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The ink-drawn front and back cover of Shannon Frost Greenstein’s These Are a Few of My Least Favorite Things, illustrated by Shawn Dubin, perfectly captures the central anxiety of the book’s contents. In keeping with the parodic title, an ersatz Julie Andrews sings as she overlooks the Bavarian mountains. But instead of there being open air and green grass to underline her joy, she’s surrounded by a threatening fog of killer clowns, giant spiders, coffins, rails of coke, billionaires on half-baked space missions, and cigarette butts. If terror is a part of daily existence now, what’s the point of categorizing fears as “rational” or “irrational”?
Throughout the poems of My Least Favorite Things, Frost Greenstein confronts the central question of how to cope with, let alone endure, the crushing anxiety, fear, and sometimes literal toxicity of being alive in 2022. It’s hard enough dealing with the inadequacy Frost Greenstein confesses to in “Jan Brady Syndrome Is a Thing, and Also, No One Likes Me,” or the mental illnesses which “run amok through my limbic system.” Knowing “Billy Nair’s on the Moon” while the world is falling apart just makes daily life even scarier, “the rest of us mired in the quicksand of status quo.”
Snapshots of the apocalypse
Horrifically and hilariously relevant to 21st-century living, Frost Greenstein’s poems feel sometimes like a carefully organized cascade of rushing thoughts. Her anxiety attacks and worst fears are all collected within, but have been streamlined and translated for maximum perusal. Current reference points like Lin-Manuel Miranda and Larry Krasner provide a contemporary framework to these pieces as well. For better or worse, These Are a Few of My Least Favorite Things is a snapshot of life, moment by moment, as lived by a savvy wife, mother, and writer immersed in the city.
The best of the pieces, like the devastating “Penn Medicine Would Like Your Feedback,” actually use the dehumanized, mechanical quality of corporate text and street signs to arrive at raw, personal revelation. The contrast in tone and emotion alone underlines how deceptive these texts are by nature. If the apocalypse is already here, then perhaps the first thing that will have to change is the lying, soothing language of the window display that tells us to “Keep Calm and Carry Naloxone,” or even the platitudes Frost Greenstein stops herself from giving her husband after his cancer returns.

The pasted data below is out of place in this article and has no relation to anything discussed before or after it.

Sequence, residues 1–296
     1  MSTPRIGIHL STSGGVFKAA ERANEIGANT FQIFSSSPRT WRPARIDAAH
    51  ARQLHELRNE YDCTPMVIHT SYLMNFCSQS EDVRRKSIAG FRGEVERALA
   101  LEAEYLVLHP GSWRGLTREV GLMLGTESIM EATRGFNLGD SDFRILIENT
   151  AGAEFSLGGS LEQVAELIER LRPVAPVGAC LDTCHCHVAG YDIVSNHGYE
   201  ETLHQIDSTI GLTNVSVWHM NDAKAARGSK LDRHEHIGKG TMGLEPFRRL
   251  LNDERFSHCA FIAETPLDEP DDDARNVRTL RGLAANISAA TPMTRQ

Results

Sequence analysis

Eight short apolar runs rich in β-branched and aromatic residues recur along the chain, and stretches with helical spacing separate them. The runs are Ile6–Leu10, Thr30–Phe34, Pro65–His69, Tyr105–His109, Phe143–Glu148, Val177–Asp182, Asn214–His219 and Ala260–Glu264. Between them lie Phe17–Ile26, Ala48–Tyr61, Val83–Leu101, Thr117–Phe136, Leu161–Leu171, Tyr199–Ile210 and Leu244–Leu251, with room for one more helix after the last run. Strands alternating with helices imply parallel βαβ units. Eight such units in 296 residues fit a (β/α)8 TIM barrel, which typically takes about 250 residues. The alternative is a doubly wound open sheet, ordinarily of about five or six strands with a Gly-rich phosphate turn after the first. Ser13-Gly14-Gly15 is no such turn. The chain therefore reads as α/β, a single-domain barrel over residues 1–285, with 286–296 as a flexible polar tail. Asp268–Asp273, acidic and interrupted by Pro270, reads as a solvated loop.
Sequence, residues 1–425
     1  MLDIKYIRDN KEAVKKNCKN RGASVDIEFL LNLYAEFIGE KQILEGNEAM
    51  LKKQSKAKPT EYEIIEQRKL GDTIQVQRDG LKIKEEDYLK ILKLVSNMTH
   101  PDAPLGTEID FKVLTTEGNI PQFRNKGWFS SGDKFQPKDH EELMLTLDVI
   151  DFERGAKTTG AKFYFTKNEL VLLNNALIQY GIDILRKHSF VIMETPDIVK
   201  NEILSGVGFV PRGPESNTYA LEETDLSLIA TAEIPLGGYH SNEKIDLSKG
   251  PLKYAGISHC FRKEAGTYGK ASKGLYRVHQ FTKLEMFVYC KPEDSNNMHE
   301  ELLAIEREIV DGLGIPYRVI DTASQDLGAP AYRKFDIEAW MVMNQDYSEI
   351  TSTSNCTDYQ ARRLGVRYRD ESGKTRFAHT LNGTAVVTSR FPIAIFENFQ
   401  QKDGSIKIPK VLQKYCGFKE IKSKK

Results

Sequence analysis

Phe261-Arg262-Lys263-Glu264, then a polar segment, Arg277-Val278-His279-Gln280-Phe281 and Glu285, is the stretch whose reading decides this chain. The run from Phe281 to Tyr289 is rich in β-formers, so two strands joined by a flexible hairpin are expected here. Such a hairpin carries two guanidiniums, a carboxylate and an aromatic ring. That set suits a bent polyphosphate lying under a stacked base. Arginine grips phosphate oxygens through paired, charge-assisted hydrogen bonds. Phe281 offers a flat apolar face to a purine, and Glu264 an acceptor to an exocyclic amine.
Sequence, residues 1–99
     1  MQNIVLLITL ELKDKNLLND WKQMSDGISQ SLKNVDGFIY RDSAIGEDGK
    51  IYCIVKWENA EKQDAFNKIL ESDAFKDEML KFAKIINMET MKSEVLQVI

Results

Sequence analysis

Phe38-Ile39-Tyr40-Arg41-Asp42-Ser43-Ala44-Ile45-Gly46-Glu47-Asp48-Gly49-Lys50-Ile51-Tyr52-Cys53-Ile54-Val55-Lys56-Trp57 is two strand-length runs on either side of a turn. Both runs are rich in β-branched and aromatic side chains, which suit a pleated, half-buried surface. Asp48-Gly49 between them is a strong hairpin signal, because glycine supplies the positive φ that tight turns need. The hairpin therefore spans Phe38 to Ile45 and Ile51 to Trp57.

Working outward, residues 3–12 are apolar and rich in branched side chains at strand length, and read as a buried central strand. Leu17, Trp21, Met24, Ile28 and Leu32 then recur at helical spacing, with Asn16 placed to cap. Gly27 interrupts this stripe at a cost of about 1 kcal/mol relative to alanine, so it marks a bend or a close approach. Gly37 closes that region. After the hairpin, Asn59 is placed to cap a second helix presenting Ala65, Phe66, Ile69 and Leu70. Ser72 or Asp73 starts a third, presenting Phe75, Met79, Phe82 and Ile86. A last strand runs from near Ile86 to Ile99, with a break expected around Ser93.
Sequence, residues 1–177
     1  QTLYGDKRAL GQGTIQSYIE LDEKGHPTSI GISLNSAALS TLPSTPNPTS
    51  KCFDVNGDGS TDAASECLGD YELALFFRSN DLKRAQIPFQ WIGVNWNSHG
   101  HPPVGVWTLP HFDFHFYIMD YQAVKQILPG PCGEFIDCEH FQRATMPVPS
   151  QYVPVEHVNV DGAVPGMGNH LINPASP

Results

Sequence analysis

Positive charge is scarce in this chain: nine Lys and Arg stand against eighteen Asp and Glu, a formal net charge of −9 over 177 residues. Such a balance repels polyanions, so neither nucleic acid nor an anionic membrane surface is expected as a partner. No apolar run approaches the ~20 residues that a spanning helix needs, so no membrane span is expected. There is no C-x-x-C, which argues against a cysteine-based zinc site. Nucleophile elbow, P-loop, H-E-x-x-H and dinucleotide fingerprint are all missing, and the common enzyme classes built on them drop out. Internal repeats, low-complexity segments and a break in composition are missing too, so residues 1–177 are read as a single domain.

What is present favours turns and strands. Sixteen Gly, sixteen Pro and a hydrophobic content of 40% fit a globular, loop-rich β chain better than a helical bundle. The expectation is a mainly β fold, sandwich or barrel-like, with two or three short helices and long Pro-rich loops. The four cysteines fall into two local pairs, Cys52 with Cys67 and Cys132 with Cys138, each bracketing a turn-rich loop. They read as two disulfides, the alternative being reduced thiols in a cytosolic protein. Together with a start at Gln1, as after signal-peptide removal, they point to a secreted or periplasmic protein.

The author is also well aware that her work has a certain “bleak outlook on the world,” as Tony Soprano, another serotonin-challenged Mid-Atlantic resident, would say. Late in the book, she wonders why “all of my poetry is so… / depressing / when I am lucky to have the gift of breath at all?” Frost Greenstein may look into the abyss, but she also knows how to step back, and to find solace in the things that give her joy: her husband, her children, the cigarettes she shouldn’t use but sometimes still smokes “down to the filter,” just to make her lizard brain happy for 30 seconds.
There are no easy answers in the book for fellow anxious frazzled wordsmiths and readers looking for the way to infinite happiness. One poem looks at how “radical acceptance” can seem like an absurd impossibility to a brain used to self-loathing and trauma. All Frost Greenstein can do, even as the clowns and coffins circle around her, is recognize “love, just this one thing that is everything and the only thing.” In the final poem, “Today,” she chooses to accept the failures (and successes) of daily life despite how crushing the world can be. The next morning won’t have to “creep in this petty pace,” but will instead be another chance for her to get it right: “Today / I lived and / tomorrow / I will live again.”
What, When, Where
These Are a Few of My Least Favorite Things. By Shannon Frost Greenstein. Washington: Really Serious Literature, January 1, 2022. 125 pages, paperback; $14.95. Get it from Really Serious Literature.
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